Pulling ahead in the drive-thru to wait a few more minutes for your food while workers tend to the build-up of cars behind you is pretty well the norm nowadays. As customers become more impatient, McDonald's is searching for ways to make its fast food, well, faster. The chain is testing a food conveyer belt at the drive-thru of a restaurant in Fort Worth. The restaurant also includes a pickup room for delivery workers and a shelf for customers to pick up pre-placed takeout orders. What it doesn't have is a dining room.
.@McDonalds is opening a new unit near Fort Worth, Texas to test drive-thru and off-premise innovation. The unit features an order-ahead drive-thru lane, complete with a food and beverage conveyor belt.https://t.co/Hm0mMbU9PY— Restaurant Dive (@RestaurantDive) December 2, 2022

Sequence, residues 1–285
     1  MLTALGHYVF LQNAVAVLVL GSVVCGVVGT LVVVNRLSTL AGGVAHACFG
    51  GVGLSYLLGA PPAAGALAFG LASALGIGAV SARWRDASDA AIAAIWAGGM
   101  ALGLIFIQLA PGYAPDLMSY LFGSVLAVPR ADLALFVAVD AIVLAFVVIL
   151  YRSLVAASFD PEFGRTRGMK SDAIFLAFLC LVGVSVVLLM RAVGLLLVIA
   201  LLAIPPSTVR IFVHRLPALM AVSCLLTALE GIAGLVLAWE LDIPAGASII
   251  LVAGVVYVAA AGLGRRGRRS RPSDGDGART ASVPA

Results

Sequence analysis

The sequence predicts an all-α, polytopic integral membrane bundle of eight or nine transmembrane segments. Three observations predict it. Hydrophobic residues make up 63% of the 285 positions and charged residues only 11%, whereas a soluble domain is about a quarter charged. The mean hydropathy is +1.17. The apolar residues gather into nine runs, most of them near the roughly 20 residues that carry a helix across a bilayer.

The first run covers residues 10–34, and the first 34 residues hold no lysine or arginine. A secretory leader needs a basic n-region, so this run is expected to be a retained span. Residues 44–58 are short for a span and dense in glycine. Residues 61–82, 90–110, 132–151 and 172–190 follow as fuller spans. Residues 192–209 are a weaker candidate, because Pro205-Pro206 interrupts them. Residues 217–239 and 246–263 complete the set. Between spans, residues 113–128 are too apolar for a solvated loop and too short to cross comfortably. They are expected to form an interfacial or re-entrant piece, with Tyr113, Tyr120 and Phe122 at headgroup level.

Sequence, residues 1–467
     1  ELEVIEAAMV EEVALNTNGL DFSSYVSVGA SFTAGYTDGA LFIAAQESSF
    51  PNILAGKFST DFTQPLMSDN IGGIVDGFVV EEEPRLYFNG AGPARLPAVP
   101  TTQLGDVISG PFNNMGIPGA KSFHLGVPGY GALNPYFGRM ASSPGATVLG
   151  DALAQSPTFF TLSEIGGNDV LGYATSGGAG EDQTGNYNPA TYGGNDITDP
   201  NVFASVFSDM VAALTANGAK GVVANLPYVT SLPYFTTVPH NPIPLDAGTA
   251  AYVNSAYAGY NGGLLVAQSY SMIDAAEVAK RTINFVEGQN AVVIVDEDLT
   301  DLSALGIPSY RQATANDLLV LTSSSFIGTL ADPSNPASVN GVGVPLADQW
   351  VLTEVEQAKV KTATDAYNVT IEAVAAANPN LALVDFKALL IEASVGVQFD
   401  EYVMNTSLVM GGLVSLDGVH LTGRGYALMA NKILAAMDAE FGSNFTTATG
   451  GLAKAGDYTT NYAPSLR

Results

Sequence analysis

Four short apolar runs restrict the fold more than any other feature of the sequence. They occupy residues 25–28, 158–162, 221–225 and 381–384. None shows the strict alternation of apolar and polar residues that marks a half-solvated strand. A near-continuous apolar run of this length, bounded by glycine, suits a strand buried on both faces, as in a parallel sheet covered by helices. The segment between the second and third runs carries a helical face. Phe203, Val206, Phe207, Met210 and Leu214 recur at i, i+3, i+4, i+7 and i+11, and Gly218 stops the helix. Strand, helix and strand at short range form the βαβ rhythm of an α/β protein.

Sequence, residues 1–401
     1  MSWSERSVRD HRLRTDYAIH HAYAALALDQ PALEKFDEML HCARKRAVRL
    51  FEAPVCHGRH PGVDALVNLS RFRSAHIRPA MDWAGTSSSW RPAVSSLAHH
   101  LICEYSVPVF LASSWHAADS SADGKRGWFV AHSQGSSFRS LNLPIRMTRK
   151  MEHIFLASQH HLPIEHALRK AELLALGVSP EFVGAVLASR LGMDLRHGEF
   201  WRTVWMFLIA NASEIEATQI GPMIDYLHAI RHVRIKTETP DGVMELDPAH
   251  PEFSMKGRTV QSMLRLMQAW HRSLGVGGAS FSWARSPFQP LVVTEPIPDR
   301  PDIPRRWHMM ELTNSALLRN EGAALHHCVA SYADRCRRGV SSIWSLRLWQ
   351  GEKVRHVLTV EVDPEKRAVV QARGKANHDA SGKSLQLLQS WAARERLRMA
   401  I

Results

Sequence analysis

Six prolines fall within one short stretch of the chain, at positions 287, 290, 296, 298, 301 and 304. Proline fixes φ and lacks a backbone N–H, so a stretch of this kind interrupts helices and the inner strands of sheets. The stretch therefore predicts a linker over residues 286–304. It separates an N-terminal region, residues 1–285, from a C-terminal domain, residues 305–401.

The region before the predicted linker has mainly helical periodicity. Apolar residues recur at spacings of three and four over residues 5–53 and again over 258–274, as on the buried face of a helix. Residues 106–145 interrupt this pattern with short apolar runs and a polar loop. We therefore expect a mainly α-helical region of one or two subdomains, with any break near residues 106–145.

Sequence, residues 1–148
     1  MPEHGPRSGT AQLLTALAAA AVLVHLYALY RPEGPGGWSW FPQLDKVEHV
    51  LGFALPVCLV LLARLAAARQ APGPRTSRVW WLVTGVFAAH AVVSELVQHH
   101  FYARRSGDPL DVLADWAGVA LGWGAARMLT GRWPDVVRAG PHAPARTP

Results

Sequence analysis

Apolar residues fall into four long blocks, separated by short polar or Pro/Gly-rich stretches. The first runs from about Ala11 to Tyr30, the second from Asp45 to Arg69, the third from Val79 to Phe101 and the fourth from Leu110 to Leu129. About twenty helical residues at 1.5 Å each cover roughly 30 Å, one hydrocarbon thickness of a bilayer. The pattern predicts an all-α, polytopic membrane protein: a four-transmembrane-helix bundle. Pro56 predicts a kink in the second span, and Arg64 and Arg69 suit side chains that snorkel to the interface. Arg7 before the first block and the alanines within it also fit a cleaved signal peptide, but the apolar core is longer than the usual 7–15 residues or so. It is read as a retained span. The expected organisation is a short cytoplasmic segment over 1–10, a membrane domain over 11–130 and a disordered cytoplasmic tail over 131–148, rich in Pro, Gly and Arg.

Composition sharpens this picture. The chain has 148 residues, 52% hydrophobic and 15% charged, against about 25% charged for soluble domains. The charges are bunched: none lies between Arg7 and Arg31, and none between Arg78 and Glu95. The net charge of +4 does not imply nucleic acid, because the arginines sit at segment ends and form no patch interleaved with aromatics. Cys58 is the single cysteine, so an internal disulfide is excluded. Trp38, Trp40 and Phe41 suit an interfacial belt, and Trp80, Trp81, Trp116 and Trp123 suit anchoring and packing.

“As our customers’ needs continue to change, we are committed to finding new ways to serve them faster and easier than ever before,” McDonald's senior director of global design and restaurant development, Max Carmona, said in a release.
The test location is smaller than a standard Mickey D's, and it's geared toward takeout. Customers can venture inside to place orders using kiosks or, if they placed their order ahead of time, find their food waiting on a shelf. Outside, the restaurant has a lane dedicated to traditional drive-thru customers, along with one for patrons who order ahead. Instead of a worker handing you your meal at the drive-thru, you grab your food and drinks from a conveyer belt through the window. There are also dedicated parking spots for curbside orders and delivery drivers.
The Golden Arches is just the latest fast-food chain to launch this kind of experiment. Taco Bell unveiled a concept restaurant in Minnesota back in June with four drive-thru lanes and no indoor dining room, and Burger King also implemented three drive-thru lanes in a test location, along with burger pickup lockers.